PAMPLONA, Spain — Vultures circling overhead have traditionally been a harbinger of death. But in Spain, their renewed presence after a long lull is being regarded by many as a good omen — the sign of a healthy eco-system.

“They’re essential,” said Luis Sances, a rancher with a flock of 600 sheep in the northern Spanish region of Navarre.

Vultures serve an important role in the environment, assisting in the clean-up and subsequent decomposition of animal carcasses, and Spain has long been considered one of the final holdouts of the bird, which has been persecuted elsewhere by misguided efforts to eradicate nature’s “bad guys.”

Spain’s sparsely populated countryside and often clear skies are credited with creating the ideal conditions for the carrion-eaters to hone in and prey. When in recent years their numbers began dwindling, however, ranchers like Sances witnessed firsthand the negative consequences.

Particularly aggressive vultures attacked ewes while giving birth on at least two occasions at ranches adjoining his in 2006 and 2007 — atypical acts of violence for the scavengers that Sances said were driven by a breakdown in the food chain. The breakdown itself, he said, was the result of restrictions ranchers were forced to follow after the mad cow disease crisis peaked in Western Europe.

“The attack was because of human manipulation,” Sances concluded. As a result of humans contracting mad cow disease, or Creutzfeldt-Jakob disease, in the early half of this decade, the European Union put in place many safety regulations. Millions of cattle were ordered slaughtered, for one, and in another, lesser-known regulation, there was a ban levied on the age-old farm and village custom of leaving dead animals for scavengers to devour. Instead, incinerators were fired up to burn animal cadavers. It was a misguided safety precaution, Sances maintains, with unforeseen costs.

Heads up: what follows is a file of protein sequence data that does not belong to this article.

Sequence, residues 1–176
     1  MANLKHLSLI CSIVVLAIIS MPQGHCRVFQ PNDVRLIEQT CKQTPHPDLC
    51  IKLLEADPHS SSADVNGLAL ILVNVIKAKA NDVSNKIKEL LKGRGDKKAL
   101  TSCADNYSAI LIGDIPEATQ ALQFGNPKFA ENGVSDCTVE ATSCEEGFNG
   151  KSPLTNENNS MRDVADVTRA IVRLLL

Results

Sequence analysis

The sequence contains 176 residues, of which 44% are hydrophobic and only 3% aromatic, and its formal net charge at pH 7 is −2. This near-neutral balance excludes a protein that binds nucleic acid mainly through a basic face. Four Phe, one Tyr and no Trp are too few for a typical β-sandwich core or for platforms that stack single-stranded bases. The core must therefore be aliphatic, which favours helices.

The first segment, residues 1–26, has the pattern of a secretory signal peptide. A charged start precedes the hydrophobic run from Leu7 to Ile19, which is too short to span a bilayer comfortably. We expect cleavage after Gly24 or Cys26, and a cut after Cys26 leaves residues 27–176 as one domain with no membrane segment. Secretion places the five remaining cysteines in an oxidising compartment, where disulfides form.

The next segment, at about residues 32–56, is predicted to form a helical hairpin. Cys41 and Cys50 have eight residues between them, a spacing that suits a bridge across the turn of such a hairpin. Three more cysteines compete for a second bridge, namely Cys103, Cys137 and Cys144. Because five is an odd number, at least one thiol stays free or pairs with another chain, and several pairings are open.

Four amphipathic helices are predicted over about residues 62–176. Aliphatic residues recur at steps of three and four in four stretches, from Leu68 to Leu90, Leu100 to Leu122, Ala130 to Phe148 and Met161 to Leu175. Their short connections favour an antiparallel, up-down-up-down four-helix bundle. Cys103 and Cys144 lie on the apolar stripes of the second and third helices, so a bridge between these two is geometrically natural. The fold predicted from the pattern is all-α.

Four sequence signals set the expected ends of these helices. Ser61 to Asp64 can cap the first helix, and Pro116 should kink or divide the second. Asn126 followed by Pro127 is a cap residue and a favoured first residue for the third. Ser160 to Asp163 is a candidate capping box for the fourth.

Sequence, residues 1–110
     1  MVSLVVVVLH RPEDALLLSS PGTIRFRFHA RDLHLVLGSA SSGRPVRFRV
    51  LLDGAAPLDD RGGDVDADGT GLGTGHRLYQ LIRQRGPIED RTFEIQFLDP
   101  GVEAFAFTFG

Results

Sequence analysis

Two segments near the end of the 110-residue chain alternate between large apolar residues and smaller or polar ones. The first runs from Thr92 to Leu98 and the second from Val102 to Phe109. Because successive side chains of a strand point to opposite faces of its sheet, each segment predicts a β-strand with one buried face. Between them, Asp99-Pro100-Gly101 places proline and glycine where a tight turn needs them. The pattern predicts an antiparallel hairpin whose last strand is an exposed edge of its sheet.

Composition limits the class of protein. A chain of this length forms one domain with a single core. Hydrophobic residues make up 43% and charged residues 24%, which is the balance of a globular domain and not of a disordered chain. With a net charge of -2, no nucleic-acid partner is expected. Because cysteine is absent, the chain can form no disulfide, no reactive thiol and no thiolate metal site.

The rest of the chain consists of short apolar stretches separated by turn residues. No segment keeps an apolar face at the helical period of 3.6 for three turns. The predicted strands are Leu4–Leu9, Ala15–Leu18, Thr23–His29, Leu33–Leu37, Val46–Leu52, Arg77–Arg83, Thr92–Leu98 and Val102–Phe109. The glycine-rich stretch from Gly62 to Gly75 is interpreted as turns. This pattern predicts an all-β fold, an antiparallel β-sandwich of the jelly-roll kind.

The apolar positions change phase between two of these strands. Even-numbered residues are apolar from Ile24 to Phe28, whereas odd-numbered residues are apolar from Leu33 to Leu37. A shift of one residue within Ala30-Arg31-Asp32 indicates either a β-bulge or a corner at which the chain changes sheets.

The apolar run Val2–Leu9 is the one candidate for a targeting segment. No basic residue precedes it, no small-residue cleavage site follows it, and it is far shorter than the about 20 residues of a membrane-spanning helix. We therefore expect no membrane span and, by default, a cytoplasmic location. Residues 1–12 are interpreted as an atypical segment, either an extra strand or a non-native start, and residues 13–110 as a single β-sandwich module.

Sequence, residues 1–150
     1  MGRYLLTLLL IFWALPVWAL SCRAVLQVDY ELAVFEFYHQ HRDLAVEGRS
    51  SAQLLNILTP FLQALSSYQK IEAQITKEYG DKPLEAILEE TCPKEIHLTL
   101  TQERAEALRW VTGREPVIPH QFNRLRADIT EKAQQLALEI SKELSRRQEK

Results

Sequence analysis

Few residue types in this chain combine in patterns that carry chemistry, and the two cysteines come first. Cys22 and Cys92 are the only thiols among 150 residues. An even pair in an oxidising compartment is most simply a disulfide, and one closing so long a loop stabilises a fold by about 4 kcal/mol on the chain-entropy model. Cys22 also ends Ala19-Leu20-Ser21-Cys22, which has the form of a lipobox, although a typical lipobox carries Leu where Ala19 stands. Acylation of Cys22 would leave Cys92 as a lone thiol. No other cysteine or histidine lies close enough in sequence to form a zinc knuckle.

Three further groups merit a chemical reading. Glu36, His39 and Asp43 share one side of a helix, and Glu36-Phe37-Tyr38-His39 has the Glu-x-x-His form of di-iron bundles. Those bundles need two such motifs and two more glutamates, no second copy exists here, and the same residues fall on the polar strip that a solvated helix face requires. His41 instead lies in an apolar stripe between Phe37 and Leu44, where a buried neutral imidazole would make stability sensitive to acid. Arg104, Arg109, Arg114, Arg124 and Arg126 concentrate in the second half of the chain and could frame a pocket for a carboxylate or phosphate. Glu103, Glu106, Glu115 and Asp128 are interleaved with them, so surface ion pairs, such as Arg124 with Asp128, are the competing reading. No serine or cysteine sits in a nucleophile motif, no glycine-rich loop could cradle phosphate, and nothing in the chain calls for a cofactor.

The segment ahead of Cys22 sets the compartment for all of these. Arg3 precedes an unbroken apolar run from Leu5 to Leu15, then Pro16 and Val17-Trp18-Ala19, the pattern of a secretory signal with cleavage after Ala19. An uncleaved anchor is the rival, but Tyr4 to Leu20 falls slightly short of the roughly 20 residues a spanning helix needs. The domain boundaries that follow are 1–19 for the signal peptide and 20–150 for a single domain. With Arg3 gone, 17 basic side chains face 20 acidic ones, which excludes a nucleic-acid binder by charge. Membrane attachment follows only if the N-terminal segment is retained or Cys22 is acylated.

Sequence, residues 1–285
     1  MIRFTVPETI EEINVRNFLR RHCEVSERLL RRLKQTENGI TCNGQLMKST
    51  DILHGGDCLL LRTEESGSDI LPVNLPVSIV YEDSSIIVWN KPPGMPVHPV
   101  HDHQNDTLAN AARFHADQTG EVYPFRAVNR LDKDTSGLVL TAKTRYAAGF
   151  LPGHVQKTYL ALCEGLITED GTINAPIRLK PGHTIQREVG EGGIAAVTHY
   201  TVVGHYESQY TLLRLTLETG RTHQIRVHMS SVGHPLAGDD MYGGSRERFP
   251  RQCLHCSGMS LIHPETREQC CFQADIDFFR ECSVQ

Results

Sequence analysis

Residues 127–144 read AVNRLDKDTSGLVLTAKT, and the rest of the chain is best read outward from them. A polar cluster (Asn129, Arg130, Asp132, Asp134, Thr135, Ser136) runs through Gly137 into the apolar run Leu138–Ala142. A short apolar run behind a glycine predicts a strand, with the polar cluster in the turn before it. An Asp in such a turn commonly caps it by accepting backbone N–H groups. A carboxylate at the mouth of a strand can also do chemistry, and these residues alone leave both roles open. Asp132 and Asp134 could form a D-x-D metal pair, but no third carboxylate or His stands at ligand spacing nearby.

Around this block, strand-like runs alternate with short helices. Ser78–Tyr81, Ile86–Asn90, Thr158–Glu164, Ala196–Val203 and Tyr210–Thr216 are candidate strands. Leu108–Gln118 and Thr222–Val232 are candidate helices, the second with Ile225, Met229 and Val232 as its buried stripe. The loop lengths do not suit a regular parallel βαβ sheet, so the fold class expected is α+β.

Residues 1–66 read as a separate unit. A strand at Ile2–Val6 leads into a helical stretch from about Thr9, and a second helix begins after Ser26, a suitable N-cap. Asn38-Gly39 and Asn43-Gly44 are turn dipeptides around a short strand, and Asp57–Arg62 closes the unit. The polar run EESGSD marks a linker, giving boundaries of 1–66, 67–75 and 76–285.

With no carcasses left to devour, Spain’s protected species of carrion-eaters — like the Griffon, Bearded, Black and Egyptian vultures — began to suffer malnutrition, particularly in the summer when newborns traditionally leave the nest to hunt for food of their own. From 1999 to 2003, the Native Fauna and its Habitat Rehabilitation Group (GREFA) reported up to a seven-fold increase in the number of scavengers it took in for rehabilitation from 12 in 1999 to a whopping 87 in 2003.

The ripple effect of these troubled birds was felt in subsequent years, when the vulture population in Navarre decreased by 11 percent between 2004 and 2007. The 2,751 nesting pairs recorded in 2004 were down to roughly 2,450 by 2007, according to the government of Navarre.

Vultures were showing more aggressive behavior as a result of the ecosystem being out of whack, and many ranchers saw corresponding changes in their cattle. “My cows weren't afraid of the vultures,” said rancher Gregorio Girones, as we walked amid his herd of 200 Pyrenean cattle grazing on the grassy hills overlooking Pamplona last month. “But now they seek shelter in the trees before giving birth, and defend themselves from vultures with their horns.”

From 2004 to 2007, Navarre saw a five-fold increase in vulture attacks on live animals. According to the regional government in Navarre, ranchers made 18 claims of such attacks in 2004 and 115 in 2007.